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Parenting a Child with LD or ADHD

parents perspective on LD


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Joined: Oct 18, 2013
Posts: 1
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Posted Oct 18, 2013 at 4:00:25 PM
Subject: parents perspective on LD

Hello I am currently studying learning disabilities, and our teacher has stressed the importance of teachers and parents working together to help the child. So to gain a better understanding of LD and the parents point of view I was wondering from your point of view as parents what could or should the teachers and the school do to help the child in school?
What practices you find beneficial and detrimental to the students academic achievement?
Any information would be helpful.
Thank you

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dhfl143
Joined Jan 25, 2008
Posts: 244

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Posted:Oct 19, 2013 12:43:04 AM

Catch children before they fall. Help children understand the code. Realize that dyslexia, dysgraphia, dyscalculia DO exist. See the child, not just the disability. Help children develop their strengths, not just focus on their weaknesses. Watch "Fat City", by Rick Lavoie. My child's disability was not as disabling as the system's inability to meet her at her need.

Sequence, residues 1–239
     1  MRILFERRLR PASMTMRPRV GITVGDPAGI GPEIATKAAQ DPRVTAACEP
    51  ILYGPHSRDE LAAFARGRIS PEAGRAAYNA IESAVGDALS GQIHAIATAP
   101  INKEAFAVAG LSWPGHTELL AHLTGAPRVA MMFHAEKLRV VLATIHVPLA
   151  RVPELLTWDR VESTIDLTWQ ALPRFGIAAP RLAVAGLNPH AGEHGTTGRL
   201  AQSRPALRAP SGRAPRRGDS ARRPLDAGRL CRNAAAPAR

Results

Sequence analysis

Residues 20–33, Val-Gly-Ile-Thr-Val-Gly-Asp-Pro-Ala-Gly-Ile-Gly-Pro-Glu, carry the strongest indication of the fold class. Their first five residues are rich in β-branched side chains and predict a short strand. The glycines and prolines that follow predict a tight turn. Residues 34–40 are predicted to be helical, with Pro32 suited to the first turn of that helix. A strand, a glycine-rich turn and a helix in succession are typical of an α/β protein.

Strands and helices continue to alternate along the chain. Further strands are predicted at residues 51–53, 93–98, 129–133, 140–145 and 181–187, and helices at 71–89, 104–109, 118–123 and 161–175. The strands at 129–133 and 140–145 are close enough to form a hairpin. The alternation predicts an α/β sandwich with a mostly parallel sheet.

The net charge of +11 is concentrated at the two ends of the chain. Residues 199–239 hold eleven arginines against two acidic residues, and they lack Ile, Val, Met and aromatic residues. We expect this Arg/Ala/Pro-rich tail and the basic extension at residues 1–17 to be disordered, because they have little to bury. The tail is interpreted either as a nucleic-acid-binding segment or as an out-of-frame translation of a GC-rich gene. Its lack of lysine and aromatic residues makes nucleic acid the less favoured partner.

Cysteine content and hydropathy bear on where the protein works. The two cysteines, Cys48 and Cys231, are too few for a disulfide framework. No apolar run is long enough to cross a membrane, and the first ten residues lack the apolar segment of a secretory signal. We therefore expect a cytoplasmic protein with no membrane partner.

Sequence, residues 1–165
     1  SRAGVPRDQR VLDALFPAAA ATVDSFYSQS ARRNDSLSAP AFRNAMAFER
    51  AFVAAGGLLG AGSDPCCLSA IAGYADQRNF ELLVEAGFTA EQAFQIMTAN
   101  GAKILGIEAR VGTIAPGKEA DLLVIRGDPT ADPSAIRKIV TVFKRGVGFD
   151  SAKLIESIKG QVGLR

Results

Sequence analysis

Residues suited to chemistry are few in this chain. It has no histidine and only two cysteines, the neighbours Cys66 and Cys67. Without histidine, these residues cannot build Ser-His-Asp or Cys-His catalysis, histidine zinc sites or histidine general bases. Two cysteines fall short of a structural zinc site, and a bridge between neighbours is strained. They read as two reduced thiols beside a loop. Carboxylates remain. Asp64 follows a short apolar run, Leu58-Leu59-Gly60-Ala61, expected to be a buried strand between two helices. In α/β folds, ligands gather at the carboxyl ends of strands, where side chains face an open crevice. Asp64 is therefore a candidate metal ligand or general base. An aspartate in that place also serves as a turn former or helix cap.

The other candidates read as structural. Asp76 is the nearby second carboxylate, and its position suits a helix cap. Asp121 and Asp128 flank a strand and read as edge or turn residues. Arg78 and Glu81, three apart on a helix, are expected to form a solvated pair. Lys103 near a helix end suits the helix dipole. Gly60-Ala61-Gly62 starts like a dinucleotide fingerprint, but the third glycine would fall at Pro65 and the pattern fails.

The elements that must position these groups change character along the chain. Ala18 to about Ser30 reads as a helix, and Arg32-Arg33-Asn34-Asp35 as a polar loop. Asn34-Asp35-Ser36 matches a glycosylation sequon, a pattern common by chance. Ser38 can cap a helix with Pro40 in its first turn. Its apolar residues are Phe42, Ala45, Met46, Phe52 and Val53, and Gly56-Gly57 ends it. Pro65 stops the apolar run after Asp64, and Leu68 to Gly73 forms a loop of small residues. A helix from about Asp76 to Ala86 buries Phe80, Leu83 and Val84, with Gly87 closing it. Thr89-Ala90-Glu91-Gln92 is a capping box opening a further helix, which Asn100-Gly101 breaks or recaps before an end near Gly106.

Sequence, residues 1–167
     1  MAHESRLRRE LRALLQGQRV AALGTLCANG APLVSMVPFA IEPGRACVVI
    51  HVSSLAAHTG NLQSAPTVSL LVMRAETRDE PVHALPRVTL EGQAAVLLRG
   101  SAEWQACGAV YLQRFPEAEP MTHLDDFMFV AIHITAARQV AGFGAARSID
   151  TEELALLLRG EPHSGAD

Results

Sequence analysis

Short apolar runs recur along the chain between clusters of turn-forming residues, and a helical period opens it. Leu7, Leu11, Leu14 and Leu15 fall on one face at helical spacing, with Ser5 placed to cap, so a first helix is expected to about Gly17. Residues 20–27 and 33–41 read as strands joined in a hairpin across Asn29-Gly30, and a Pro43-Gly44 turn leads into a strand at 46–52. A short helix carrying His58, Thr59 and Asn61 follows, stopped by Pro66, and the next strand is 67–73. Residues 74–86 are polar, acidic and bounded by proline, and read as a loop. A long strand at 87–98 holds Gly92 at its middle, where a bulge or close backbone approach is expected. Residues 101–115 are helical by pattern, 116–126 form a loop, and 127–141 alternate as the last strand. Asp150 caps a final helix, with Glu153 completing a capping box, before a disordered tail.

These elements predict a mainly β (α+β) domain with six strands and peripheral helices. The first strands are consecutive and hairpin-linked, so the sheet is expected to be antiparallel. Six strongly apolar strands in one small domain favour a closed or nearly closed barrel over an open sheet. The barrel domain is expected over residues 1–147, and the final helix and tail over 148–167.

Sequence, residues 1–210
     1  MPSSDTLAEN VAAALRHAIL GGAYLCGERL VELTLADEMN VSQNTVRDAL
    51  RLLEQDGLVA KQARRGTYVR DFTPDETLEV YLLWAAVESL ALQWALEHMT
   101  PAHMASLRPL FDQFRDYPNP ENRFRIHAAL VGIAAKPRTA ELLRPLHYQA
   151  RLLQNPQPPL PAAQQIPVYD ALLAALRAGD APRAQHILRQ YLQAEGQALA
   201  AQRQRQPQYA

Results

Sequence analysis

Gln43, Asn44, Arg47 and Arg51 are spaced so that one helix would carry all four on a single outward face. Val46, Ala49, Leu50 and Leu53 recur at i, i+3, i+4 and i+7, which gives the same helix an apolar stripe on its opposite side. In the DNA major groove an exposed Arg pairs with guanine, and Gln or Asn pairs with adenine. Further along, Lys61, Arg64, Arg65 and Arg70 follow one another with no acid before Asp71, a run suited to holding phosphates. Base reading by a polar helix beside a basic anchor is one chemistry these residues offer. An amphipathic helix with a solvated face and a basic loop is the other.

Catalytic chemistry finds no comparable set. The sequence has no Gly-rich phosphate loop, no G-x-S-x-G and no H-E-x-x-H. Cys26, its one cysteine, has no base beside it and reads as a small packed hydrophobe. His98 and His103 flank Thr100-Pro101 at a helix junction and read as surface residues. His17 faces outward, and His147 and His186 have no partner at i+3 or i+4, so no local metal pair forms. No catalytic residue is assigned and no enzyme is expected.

Don't shame my child, because the loss of self esteem can be far more damaging than any LD. I can remediate reading, writing, and math, but self-esteem, once lost, is a much harder nut to crack. A child will live up to expectations. Have high expectations. Help children to see that any challenge is just that -- an obstacle, that can be overcome or circumvented, not a personal failure. The first leads to success despite challenges. The latter just leads to a child giving up on him or herself, to succumb, to be defined by cruel labels as lazy, dumb, stupid as the predominant audio that plays over and over on the track within their mind.

Work together. When parents and educators come together to benefit a child's education the child wins. When they can't, it is ultimately the child who suffers they greatest consequences.

Educators need to be trained to specifically help kids with LDs. Knowledge is power and the more that teachers know, the more tools they can draw upon from their toolbox to reach each child at their need. Teachers go into their profession because they want to help children succeed. Research knows what works, but much of that information and training is not disseminated to teachers during their formal education at university.


[Modified by: dhfl143 on October 19, 2013 01:41 AM]

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